Monday, 20 July 2009


I've never seen anything like the past 24 hours. The dying drainage system in Karachi is unable to cope with the monsoon rains that we're experiencing. Then of course, the power goes out, plunging the entire city into an existence that existed pre-electricity - the lights and the fans go out and you begin to feel the oppressive heat rise. Some cope with UPS temporary systems. Others run their own mini generators, but the majority of this city of 18 million live with darkness and wait it out hoping that their domestic water supply doesn't run out.

Last night we needed a taxi to get to the airport to pick up my brother. At 3am, the city was completely dark and knee high in water. There were people - mostly the homelesss who don't even qualify for a cramped room in the slums - sleeping out under makeshift canopies. I tried to navigate by virtue of a pen torch and kept close to the crumbling walls and steps of nearby buildings, but at one point I found myself having to wade through a flooded road when I lost footing after a wrong step. This water, which killed at least 30 people, is the mix of rain and sewerage that laps gently along what people in Karachi would probably called side-walks. Of course in the dark, you're completely unsure where the pot holes are and what other foul things are in the water. There's the stench, litter and rotting food, even before you get to the more grim things like vermin, snakes, effluence and disease. Should the electricity suddenly come on, then the fallen electric cables add to the death-traps. My skin was itching when I got home and I felt like I needed a full sterilisation. In the end there was no running transport and I barely slept because there was no way that I could get to the airport to pick up my brother. The contacts at the airport did not answer our calls and then the phone networks began to come down.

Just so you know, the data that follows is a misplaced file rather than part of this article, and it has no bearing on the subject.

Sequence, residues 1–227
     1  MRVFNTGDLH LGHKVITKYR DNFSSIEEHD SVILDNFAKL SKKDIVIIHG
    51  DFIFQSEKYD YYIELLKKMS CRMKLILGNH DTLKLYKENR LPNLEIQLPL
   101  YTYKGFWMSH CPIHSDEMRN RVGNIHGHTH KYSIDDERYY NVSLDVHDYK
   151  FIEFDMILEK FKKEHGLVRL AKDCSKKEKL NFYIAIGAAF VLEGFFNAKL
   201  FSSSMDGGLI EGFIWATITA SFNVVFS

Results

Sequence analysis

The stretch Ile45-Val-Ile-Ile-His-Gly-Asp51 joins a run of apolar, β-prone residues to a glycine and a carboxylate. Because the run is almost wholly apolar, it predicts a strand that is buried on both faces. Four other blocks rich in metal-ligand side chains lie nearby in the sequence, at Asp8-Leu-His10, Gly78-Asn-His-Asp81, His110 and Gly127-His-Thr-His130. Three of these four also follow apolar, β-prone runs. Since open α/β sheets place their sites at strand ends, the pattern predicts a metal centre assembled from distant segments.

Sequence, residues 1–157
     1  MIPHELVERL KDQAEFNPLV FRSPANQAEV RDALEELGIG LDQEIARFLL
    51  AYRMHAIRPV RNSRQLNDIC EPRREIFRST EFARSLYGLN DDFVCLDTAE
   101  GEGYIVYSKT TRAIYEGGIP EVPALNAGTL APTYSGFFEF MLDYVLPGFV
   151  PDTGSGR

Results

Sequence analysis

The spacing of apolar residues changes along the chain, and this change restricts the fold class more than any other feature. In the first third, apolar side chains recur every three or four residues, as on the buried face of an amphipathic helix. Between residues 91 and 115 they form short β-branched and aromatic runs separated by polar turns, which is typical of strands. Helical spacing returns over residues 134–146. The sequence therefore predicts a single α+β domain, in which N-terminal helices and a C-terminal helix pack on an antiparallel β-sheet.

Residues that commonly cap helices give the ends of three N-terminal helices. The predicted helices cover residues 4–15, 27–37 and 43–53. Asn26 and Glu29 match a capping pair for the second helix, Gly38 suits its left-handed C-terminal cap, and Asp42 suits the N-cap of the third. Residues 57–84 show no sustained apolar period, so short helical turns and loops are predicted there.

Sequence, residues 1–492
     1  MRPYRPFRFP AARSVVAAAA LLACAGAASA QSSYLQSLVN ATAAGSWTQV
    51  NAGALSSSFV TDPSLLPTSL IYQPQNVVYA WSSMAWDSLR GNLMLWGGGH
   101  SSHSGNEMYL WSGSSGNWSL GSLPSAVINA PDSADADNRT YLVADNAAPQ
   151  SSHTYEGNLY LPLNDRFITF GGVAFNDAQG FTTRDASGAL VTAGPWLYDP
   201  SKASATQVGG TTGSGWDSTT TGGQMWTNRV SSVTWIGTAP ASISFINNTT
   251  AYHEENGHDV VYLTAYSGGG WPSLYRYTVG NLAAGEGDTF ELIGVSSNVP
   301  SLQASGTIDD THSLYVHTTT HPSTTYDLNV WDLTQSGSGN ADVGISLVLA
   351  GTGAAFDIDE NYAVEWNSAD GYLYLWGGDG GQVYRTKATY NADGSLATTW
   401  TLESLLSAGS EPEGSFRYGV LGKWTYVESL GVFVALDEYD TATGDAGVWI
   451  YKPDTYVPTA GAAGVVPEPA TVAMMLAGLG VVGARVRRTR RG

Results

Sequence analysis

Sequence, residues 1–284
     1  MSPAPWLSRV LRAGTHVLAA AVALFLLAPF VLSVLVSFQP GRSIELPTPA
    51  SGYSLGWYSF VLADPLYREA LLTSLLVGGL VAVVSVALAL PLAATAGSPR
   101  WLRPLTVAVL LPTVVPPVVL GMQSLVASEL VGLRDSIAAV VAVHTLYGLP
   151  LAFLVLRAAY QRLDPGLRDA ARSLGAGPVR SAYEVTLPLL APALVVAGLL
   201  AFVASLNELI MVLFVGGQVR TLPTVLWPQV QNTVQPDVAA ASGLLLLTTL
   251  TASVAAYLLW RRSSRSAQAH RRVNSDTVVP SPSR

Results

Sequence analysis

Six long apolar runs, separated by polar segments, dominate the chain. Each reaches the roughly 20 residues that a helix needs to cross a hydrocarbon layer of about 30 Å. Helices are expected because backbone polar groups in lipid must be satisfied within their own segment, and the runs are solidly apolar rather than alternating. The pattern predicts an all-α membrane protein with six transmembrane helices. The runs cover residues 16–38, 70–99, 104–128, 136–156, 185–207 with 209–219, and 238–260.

I don't know how the people of Karachi continue to live with this. This is a country with a chronic illiteracy rate and a health system that is running on empty. The basics, such as clean piped water are missing and yet billions have been spent by unstable governments on a nuclear bomb. My family here question every aspect of this country's governance - from the war on terror, corruption and failure to meet basic needs. Add to that a complete sense of paranoia about the country's legitimacy and purpose and the continuing border issues with Afghanistan and India. The conflicts in the Pashtoon and Baloch heartlands are the symptoms that stem from a sense of neglect and exclusion. Pakistan's short history is one of a catalogue of wide-scale corruption, political disasters and bouts of military dictatorships, loot and further loot. It currently ranks as 138 on the world peace index and there's a common belief that Pakistan relies on disasters and conflicts surrounding it so that aid continues to pour in.

During the day, when your eyes begin to adjust, despite having accepted it earlier, the reality that Karachi is one of the world's most filthiest places, really begins to dawn on you.

At least I have the option to fly out.

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